From Erikka Lewis Wareham -
I have money direct deposited from each paycheck into a savings account. It isn't much, but it helps keep that little cushion for emergencies. When we both worked, I had money going into a savings account for each of the kids to use," but now I use that money to buy their gifts, and they earn money for chores.
I also round up purchases to the next dollar when I write them in my checkbook, to keep a cushion in the checking account.

From Suz Mears Ness -
Because I don't have a traditional job, I drive for the amish in our area, I often get checks that are not huge. Every check I get I cash at the credit union where I ONLY have a savings account. I automatically put 1/4 of the checks into the savings account. The rest is gas money for my hubby and I. That money is only used in extreme emergencies and for Christmas gifts.

From Cynthia O'Daniel Volk -
We have a money jar that everyone contributes their change to. This is our "mad money" these funds are used for movies, pizza nights, ect. It teaches the children to carefully think before they spend. Example, we can go out to a movie, with the cost of 4 tickets, and refreshments, and easily spend $50 for one outing, or we can make our own individual pizzas and rent Redbox, pop popcorn and have several nights of entertainment! They get to choose, but when the funds are depleted, that's it until its built back up.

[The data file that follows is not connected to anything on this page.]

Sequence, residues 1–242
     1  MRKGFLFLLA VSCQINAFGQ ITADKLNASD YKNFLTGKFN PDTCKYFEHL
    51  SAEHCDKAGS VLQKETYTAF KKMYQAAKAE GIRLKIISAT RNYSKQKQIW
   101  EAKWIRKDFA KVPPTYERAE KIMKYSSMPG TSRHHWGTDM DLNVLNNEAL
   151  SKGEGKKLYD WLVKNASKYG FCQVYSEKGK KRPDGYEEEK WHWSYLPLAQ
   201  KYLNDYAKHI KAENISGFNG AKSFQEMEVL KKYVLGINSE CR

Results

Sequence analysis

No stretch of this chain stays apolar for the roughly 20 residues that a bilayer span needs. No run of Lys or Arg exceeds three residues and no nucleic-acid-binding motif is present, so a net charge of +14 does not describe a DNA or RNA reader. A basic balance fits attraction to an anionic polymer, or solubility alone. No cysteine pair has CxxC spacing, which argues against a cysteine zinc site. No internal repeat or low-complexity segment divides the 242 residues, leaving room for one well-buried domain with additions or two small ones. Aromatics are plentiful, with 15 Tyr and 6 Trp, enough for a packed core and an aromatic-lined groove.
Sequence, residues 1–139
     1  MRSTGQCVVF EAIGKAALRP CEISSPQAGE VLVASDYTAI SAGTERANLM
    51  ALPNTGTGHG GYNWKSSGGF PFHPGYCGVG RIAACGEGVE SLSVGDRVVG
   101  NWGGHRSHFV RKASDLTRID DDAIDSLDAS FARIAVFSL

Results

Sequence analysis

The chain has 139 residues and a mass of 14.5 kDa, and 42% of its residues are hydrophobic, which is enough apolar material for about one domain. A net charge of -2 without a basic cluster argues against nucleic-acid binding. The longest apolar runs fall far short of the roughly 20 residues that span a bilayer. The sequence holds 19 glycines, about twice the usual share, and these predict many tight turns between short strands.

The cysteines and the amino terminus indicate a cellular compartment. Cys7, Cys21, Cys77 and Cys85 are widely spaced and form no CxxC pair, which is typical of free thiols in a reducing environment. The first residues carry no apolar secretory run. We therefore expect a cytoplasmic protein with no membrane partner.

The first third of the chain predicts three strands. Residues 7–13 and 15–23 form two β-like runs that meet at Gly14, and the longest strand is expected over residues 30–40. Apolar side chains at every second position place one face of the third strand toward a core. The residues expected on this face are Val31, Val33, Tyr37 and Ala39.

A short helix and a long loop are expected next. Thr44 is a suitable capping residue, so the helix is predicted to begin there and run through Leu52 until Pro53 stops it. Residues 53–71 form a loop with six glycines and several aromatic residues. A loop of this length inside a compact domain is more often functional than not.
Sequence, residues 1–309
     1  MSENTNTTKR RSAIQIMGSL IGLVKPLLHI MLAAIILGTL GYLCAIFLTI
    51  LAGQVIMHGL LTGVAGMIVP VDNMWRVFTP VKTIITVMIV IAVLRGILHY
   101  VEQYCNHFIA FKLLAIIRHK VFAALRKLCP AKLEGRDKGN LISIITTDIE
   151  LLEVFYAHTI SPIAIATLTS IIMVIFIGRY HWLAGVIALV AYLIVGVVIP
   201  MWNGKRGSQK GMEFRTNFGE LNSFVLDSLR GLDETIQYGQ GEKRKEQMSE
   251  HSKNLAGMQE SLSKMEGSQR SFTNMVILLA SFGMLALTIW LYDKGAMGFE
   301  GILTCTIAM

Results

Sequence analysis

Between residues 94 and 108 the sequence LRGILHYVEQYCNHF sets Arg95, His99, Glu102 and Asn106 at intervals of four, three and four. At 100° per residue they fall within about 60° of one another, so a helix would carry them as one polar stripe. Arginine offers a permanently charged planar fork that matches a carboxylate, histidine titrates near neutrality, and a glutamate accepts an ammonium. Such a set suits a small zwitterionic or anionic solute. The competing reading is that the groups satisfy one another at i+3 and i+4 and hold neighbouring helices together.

From Carodactyl Harrell -
I try to save my change, but since even change is valuable to me, i am saving just pennies. i imagine they will all add up

From Elly Elham Konjkav-Kaboudian -
I keep all my change. And we never touch it till it really adds up! (like every 3-4 months) it does help alot cuz you suddenly have $200-300! Its because singapore has $1 coins.. So its great. Also, singapore is extremely humid (with humidity sometimes going to 120%!) and very hot! So if u leave clothes to dry out, they will mould. And if u dint turn on the air conditioning, your house and even hardwood floors will mould!! But since electrical bill is so high here, it can get hard. I have 3 large jars at home. 1 for coins. 1 for electricity bill and 1 for emergency funds. Each day we empty our pockets into the coin jar and deposit $10 each into the other 2 jars. So when the bill comes in, we dont have to panic!! Also, we eat at home most of the time. I work as a pastry chef in an Italian restaurant and as part of my job offer, i asked that my husband and i get free food everyday, whether i work or not. And he agreed. This has saved us a ton every month! But i take that money and put it away in a savings account.
I know this has been said a million times BUT it really does save u hundreds if u PlAN ur meals and shop weekly accordingly and STICKING to the plan. I shop weekly and cook once -twice a week and freeze them so when we are both back home and hungry, we just pop it in the slow cooker or oven or microwave (depending on the food)